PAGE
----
In Swaziland, Closeness to Mother and Being in School Linked to Lower Risk of Sexual Violence Before Age 18
In Swaziland, young women have an elevated likelihood of having experienced sexual violence before age 18 if they lack a strong relationship with their mother or are not currently attending school, according to a national household survey.1 Such young women are about twice as likely as those who are very close to their mother or are still attending school, respectively, to have been a victim of sexual violence (odds ratios, 2.0–2.3). In addition, the odds of having experienced sexual violence are elevated among young women who, by age 13, knew of a sexual relationship between a teacher and student (1.7) or knew of a child who had been sexually assaulted (1.5). Emotional abuse during childhood is also associated with having been a victim of sexual violence (2.2), but physical abuse is not.
While childhood sexual violence is an issue throughout the world, it may be of particular concern in Swaziland, where victims are not only at risk for such consequences as depression and unwanted pregnancy, but also face a high risk of becoming infected with HIV: In 2007, one in four 15–49-year-olds were HIV-positive. To assess risk factors for sexual victimization, the researchers analyzed data from a nationally representative 2007 survey of young women aged 13–24. Households were randomly selected via a two-stage cluster approach, and one young woman was randomly picked from each household. The response rate was 96%.
In face-to-face interviews conducted in private locations away from their homes, the 1,244 respondents provided information about their social and demographic characteristics, and answered questions about their home life, schooling and quality of relationships with their parents. They were also asked whether, by age 13, they had experienced physical or emotional abuse, had been told about or witnessed the sexual assault of a child, or had known of a student who had had sex with a teacher; and whether they themselves had ever been a victim of childhood sexual violence, defined as either undesired sex resulting from physical force or verbal pressure, attempted coerced sex or unwanted sexual contact (i.e., being forced to touch someone else or being touched against one's will) that occurred before age 18. The researchers used logistic regression to identify factors associated with sexual violence.
Slightly more than half of respondents were 18 or older; 36% were 16 or younger. The vast majority (84%) lived in rural areas, and slightly more than a third had lost at least one biological parent before age 18. Nearly all respondents had attended school, and 10% were married. Overall, 33% of the young women had experienced some form of sexual violence by age 18, and 5% had been forced to have sex. These proportions likely would have been higher, the authors noted, if all of the respondents had reached age 18.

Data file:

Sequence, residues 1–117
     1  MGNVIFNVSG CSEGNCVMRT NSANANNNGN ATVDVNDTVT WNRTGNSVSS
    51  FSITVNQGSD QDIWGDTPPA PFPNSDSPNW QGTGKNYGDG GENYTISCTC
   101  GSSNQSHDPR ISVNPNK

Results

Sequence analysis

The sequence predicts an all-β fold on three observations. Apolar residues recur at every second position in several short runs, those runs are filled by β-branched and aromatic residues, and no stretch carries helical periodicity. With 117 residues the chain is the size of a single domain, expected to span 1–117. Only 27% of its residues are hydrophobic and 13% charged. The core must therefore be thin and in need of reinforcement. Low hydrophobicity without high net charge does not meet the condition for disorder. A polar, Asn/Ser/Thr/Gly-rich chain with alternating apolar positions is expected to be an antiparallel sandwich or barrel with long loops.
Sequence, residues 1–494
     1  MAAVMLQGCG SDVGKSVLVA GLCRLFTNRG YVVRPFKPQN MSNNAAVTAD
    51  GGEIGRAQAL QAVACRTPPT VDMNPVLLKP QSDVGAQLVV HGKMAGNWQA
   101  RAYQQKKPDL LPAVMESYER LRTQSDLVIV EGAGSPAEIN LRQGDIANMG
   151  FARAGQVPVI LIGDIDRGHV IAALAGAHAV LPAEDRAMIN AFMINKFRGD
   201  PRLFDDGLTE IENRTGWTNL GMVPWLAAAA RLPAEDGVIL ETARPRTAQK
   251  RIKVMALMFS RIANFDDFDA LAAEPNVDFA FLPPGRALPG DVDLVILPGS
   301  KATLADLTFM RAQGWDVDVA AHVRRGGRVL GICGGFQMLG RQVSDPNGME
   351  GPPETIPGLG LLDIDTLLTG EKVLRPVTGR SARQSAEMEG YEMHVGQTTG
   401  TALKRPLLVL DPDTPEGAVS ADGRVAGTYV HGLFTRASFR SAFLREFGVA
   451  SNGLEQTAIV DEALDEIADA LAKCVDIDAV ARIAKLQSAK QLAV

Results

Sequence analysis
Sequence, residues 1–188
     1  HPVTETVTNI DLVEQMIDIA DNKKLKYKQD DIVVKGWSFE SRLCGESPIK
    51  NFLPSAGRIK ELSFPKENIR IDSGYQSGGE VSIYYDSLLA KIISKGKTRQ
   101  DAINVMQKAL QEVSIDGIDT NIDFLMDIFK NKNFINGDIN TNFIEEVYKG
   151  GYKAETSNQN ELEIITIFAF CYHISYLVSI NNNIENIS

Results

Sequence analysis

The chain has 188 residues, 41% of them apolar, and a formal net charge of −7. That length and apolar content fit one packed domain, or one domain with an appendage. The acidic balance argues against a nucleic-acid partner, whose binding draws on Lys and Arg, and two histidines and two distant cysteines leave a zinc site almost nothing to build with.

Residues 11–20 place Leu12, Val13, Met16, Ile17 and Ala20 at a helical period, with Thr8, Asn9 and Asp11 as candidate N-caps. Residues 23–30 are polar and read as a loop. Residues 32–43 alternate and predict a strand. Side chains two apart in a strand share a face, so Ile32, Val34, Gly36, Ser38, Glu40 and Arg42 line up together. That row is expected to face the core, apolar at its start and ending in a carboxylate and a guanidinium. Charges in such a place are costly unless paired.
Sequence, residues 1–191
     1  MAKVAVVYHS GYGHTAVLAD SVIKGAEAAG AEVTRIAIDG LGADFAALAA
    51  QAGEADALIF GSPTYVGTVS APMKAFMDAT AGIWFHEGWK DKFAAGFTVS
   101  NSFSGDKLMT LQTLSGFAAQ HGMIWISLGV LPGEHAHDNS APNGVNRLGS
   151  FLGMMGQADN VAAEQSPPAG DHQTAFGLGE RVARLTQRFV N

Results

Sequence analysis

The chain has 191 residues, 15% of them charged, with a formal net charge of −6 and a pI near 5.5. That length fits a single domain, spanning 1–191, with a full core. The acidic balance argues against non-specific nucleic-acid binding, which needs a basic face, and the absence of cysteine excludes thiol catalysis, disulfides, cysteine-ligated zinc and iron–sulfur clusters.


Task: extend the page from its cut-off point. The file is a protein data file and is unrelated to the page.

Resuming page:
In logistic regression analyses that adjusted for young women's age, socioeconomic status and residence, respondents had elevated odds of having been a victim of sexual violence as a child if, by age 13, they had experienced emotional abuse (odds ratio, 2.2), had known of a student who had had sex with a teacher (1.7) or had known about or seen the sexual assault of a child (1.5). Respondents who were not going to school at the time of the interview also had elevated odds of having been a victim of sexual violence (2.3), and those who had a "somewhat" or "not very" close relationship with their mother (2.0), or whose mother was dead or missing (2.3), were more likely than those who were "very" close to their mother to have been abused. Childhood physical abuse was not related to sexual victimization in the final model.
The investigators acknowledge several limitations of the study, particularly its cross-?sectional design and the potential impact of recall bias, but also note its high response rate and nationally representative sample. They emphasize that some of the factors associated with sexual victimization, such as having a poor relationship with one's mother and not attending school, suggest that a lack of "adequate supervision and guidance" puts young women at risk of suffering sexual violence. To address this issue, the researchers advise providing young women with "greater educational opportunities," mentoring programs (because orphanhood is common in southern Africa) and initiatives that foster communication between young women and their parents.—S. Ramashwar
1. Breiding MJ et al., Risk factors associated with sexual violence towards girls in Swaziland, Bulletin of the World Health Organization, 89(3):203–210.